Both Directions At Once: Mount Gay & Glenfiddich Come At The Rum-Whisky-Peat Trifecta From Different AnglesEdit Post
Contributed by on Oct 16, 2018
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We boozers live in a time of rampant experimentation, and for the most part it's a wonderful thing. Distillers and blenders have been blurring lines all over the spirits industry for a few years now. Cognac finished in bourbon barrels, bourbon finished in curaçao casks, shiraz-finished gin.... if you've got an open mind and an adventurous palate, it's an exciting time for drinkers as well.
There's nothing new about peated malts or rum cask-finished whisky, but the idea of putting smoky peat together with rum, now that's something different. Combining the two wildly disparate flavors in harmony is a tall order, but Mount Gay and Glenfiddich have both pulled it off with their new bottlings. Obviously, since Mount Gay makes rum and Glenfiddich makes single malts, they come at the idea from two different directions. But they meet at the intersection of delicious and innovative.
Mount Gay XO Peat Smoke (57% ABV, $250) has the advantage of using Barbados-based Mount Gay's XO rum, aged 8-15 years, as its base, which just happens to be one of the finest you can buy. What's even better is that it's bottled at 57% ABV (114 proof), rather than XO's traditional 43%. Aged for 8-15 years, it's finished for six months in ex-Islay whisky casks. Rum and peat may sound like a weird combination, but in this case it works. Mount Gay doesn't add sugar post-distillation, so it's quite dry compared to the sweet rums so many casual drinkers associate with the category. Both on the nose and the palate, the peat complements the rum without overwhelming it. The higher proof brings up notes of caramel and chocolate, while the pineapple and coconut notes you may associate with rum are pretty subtle. The dry smoky notes evolve gradually, but by the time the rum slips throatward, they're there in full force, leaving behind a dry, lingering finish that begs to be followed up with another sip. Limited to about 1,200 bottles in the States, the only bad thing about XO Peat Smoke is the hefty cost. But if you love rum, don't let the price dissuade you. (It's hard to find, but, Barrell has its own peated whisky-finished rum, Tale Of Two Islands, in the neighborhood of $100).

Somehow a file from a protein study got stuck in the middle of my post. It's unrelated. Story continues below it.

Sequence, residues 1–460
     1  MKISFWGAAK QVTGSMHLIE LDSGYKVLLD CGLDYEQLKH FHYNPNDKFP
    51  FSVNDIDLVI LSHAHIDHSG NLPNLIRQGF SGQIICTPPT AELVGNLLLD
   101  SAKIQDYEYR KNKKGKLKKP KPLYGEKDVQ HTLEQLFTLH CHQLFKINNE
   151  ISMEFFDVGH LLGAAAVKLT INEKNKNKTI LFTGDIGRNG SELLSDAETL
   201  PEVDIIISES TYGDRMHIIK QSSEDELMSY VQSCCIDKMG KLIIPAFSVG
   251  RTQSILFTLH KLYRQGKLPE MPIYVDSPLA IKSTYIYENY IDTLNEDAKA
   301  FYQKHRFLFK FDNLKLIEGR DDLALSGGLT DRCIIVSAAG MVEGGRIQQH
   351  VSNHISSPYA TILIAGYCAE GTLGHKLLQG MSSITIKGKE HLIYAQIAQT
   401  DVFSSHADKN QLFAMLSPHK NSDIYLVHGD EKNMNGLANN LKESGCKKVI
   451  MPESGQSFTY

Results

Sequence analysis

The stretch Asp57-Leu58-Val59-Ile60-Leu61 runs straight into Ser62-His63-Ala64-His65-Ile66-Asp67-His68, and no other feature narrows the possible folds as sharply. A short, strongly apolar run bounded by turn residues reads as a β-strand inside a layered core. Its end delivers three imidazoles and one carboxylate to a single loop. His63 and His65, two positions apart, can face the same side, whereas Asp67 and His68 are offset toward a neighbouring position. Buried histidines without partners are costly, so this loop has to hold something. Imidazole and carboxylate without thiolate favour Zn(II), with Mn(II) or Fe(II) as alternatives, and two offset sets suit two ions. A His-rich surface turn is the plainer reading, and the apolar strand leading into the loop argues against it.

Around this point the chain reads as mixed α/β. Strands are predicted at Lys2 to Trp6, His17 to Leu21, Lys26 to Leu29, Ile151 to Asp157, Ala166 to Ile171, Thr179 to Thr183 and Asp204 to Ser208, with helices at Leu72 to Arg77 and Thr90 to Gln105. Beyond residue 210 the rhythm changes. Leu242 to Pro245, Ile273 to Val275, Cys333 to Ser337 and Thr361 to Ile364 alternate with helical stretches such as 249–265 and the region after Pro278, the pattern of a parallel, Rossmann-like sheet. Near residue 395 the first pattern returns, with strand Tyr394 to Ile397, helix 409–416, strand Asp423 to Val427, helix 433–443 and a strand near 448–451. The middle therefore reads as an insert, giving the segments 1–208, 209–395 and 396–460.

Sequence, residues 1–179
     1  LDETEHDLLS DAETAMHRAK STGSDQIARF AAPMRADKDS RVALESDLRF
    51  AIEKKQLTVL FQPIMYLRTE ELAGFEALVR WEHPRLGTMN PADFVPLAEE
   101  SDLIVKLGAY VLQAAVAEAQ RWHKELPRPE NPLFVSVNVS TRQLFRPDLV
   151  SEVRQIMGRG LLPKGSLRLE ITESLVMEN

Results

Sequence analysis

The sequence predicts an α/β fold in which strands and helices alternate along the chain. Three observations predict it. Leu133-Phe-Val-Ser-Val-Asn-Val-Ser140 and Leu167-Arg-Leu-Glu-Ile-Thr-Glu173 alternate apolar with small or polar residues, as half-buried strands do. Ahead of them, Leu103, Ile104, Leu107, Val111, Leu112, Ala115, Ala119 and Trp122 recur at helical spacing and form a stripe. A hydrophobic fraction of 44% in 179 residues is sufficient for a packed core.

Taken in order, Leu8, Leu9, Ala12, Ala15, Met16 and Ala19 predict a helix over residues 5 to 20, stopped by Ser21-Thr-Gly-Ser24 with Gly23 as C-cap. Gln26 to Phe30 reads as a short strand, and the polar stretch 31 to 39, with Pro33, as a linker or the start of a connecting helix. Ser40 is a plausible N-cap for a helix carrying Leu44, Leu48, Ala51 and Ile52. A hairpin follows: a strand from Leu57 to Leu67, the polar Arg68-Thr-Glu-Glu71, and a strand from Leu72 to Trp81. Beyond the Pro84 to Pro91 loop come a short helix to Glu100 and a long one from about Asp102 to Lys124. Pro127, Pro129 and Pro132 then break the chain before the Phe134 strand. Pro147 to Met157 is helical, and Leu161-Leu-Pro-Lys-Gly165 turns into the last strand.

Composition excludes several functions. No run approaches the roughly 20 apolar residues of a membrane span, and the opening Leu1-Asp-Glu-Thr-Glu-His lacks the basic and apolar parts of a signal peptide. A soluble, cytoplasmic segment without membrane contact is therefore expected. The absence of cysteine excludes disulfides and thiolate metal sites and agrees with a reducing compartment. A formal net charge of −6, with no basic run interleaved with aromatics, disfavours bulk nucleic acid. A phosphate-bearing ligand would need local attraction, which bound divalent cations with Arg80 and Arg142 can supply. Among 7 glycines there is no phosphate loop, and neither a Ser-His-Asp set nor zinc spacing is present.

Glenfiddich Experimental Series: Fire & Cane (43% ABV, $50) is the fourth in an ongoing series of tinkerings from Glenfiddich's malt master, Brian Kinsman, and I think it's the best yet. Glenfiddich is a classic Speyside whisky, but for this experiment they used peated malt — that's how Islay whiskies get their big, smoky flavor. The difference here is that the peat was from Speyside, not Islay, which gives the finished product a different flavor. It was blended with traditional unpeated Glenfiddich, so the peat is subtle and well-integrated. The blend was then finished in rum casks. Kinsman and his crew really nailed it — Fire & Cane finds the perfect balance of sweet and peat. It's a smoky, fruity monster of flavor. The rum takes the lead first, with bright orange notes following close behind, before the dry smoke and woody notes unfold on the back of the tongue. It's positively addictive, and at only $50 a bottle, it's an addiction that's relatively affordable to feed.
Trying the rum and the whisky side by side is a hell of a compare-and-contrast. Single malts have a more macho reputation, but the XO Peat Smoke, with its high proof and dry, concentrated flavor, is a bruiser of a rum, although it's also a refined and complex sipper. Single malt snobs may well be converted by this gem. Fire & Cane, by comparison, is sweet and gentle, though the peat influence gives it some extra "ooomph," to use the scientific term. If I had to pick one... well, I'm glad I don't have to. I hope you won't, either.